return middle(m->permutation, m->length);
}
To verify this code, I wrote an assertion that compared its output to one of the preceding algorithms. This is the parallel approach! It’s amazing to realize that the two algorithms create the same audio stream, but with very different performance characteristics.
I measured the performance of these algorithms by toggling a GPIO and measuring the duration of the pulse. The GPIO is set when the audio engine starts working, and is unset when it stops. The pulse width measures the performance of the entire audio engine, which includes components other than the median filter. The time taken by the other components is small, so the measurements reflect well the performance of the median filter.
The audio engine computes the stream in 1-ms chunks, so it has to finish its work in under 1 ms. Figures are omitted for algorithms that failed to meet the deadline for a given buffer size.
All measurements are in microseconds. These are maximum values observed over a period of several dozen seconds.
buffer size | 4 | 8 | 16 | 20 | 24 |
---|---|---|---|---|---|
heapselect | 181 | 355 | 744 | 964 | |
insertion | 215 | 644 | 952 | ||
permutation | 81 | 136 | 243 | 297 | 351 |
The permutation array algorithm is about three times faster than heapselect.
I like the sound of it. It reminds me of downsampling, but without the aliasing artifacts! A unique lo-fi effect.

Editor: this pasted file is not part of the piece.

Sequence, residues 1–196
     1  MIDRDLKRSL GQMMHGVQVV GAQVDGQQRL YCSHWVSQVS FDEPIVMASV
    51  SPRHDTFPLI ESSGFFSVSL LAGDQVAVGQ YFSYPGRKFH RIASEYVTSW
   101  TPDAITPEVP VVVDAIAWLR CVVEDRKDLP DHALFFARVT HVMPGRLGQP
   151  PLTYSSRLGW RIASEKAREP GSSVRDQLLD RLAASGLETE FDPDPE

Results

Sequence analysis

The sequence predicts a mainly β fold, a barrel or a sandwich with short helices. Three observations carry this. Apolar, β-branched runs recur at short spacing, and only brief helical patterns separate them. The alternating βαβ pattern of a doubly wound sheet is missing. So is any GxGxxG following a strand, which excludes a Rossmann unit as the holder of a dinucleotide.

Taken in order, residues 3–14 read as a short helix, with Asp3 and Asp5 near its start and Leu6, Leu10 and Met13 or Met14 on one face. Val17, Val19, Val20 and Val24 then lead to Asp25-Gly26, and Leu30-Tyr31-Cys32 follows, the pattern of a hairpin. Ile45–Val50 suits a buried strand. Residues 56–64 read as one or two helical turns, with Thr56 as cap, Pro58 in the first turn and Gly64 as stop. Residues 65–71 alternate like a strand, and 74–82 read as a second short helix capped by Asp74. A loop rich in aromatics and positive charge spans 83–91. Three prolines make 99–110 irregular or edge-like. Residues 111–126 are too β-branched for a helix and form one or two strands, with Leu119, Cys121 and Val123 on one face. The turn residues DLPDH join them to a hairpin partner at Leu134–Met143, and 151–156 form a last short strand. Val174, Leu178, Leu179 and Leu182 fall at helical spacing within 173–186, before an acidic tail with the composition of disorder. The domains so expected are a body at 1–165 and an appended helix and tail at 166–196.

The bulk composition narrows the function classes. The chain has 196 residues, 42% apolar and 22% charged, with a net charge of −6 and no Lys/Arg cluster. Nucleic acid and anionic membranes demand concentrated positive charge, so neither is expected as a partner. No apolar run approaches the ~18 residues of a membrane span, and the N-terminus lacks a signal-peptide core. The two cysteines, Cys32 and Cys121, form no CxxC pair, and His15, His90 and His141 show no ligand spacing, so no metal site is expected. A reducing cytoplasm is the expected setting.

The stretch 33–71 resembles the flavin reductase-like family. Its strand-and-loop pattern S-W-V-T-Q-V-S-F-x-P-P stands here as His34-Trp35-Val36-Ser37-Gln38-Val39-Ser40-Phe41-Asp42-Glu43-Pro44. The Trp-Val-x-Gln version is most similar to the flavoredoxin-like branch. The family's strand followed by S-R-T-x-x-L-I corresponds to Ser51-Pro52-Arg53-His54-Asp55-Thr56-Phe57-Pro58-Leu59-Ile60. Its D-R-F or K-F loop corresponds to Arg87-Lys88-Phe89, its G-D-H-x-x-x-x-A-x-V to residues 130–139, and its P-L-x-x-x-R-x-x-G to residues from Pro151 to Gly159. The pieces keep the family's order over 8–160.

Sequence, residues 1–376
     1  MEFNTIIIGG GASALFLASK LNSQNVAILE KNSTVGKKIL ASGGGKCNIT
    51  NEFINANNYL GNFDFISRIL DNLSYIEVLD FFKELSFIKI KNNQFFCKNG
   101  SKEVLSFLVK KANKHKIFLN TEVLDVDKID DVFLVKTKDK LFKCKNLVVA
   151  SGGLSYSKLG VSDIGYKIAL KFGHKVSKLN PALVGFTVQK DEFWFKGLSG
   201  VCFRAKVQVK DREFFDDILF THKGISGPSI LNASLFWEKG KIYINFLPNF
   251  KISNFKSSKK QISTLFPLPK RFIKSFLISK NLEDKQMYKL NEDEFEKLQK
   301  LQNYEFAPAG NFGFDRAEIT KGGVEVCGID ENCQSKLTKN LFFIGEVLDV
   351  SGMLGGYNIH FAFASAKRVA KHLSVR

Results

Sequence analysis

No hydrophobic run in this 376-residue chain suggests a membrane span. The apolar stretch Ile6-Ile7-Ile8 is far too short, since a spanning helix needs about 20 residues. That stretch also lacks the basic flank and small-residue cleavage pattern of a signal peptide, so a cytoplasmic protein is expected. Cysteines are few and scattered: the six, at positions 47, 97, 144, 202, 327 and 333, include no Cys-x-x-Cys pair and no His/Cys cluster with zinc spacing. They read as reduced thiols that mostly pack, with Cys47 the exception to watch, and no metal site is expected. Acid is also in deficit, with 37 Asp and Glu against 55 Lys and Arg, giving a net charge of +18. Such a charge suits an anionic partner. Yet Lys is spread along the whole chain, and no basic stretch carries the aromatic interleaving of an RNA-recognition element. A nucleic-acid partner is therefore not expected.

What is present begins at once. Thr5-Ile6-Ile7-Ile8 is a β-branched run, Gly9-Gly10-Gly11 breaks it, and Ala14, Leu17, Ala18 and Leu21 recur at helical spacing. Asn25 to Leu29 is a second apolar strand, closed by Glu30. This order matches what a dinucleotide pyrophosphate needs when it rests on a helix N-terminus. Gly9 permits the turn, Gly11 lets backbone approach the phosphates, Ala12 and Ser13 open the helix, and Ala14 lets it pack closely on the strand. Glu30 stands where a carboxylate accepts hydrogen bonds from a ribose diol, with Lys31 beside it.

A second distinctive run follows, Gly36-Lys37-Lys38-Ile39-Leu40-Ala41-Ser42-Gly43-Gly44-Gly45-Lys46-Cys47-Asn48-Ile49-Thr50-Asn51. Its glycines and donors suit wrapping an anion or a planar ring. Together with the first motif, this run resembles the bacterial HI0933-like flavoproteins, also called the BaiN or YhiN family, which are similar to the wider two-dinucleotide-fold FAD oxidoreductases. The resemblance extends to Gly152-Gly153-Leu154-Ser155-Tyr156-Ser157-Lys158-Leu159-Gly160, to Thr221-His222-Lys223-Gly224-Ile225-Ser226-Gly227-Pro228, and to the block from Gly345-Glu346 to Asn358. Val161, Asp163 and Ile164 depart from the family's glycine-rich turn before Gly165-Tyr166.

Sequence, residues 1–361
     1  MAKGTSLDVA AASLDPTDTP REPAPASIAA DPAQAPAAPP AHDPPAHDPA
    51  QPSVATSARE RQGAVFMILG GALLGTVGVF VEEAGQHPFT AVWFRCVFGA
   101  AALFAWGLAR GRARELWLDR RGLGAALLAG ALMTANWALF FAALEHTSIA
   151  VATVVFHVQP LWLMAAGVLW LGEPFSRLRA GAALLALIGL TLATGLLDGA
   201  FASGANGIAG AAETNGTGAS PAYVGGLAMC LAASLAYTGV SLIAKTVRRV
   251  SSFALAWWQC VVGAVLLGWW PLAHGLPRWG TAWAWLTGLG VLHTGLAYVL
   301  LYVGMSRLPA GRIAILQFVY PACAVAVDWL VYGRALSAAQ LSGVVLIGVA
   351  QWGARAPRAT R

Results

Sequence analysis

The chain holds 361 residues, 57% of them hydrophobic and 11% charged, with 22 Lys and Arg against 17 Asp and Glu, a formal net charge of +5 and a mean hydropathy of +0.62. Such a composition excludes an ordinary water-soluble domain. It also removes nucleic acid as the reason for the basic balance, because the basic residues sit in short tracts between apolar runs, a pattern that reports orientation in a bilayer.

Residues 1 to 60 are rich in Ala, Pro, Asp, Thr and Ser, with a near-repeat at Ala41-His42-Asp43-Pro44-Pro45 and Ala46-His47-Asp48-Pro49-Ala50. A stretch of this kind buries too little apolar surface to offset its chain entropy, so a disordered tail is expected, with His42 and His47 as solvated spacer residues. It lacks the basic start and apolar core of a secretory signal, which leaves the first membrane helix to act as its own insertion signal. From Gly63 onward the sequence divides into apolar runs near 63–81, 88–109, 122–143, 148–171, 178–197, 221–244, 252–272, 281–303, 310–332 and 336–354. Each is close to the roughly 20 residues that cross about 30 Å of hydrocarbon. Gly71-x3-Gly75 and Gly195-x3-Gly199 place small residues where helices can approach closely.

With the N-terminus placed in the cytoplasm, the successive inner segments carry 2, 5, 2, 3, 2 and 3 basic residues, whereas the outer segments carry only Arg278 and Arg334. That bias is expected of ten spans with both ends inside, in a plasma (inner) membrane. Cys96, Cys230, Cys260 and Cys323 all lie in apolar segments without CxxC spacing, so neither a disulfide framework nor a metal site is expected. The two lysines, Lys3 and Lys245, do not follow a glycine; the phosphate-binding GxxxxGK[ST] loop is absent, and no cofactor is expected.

It has a notchy timbre that becomes more overt as the buffer size increases. In fact, the median filter has zero gain for frequencies whose period is a multiple of the buffer length. For such frequencies, the median doesn’t change from one sample to the next — the newest sample has the same value as the sample that went out — creating a gain of zero.
Some waveforms, such as square and sawtooth, are barely modified. High frequency information is attenuated, but it sounds different than a linear lowpass filter.
In a realtime application, what matters is worst-case execution time for a known input size, not asymptotic time complexity. “Faster” algorithms were not. Simpler algorithms were faster for small inputs. A custom data structure played a role in a faster solution.
The C standard library merely requires qsort()
to sort. The
standard says nothing about its implementation, performance, or asymptotic
complexity. If sorting is the bottleneck in your application, you probably
need to use something else. ↩︎
This is the second time I found algorithms in the Go ecosystem that could be easily translated to C. Check out yourbasic.org’s graph package, which has a nice implementation of topological sorting. ↩︎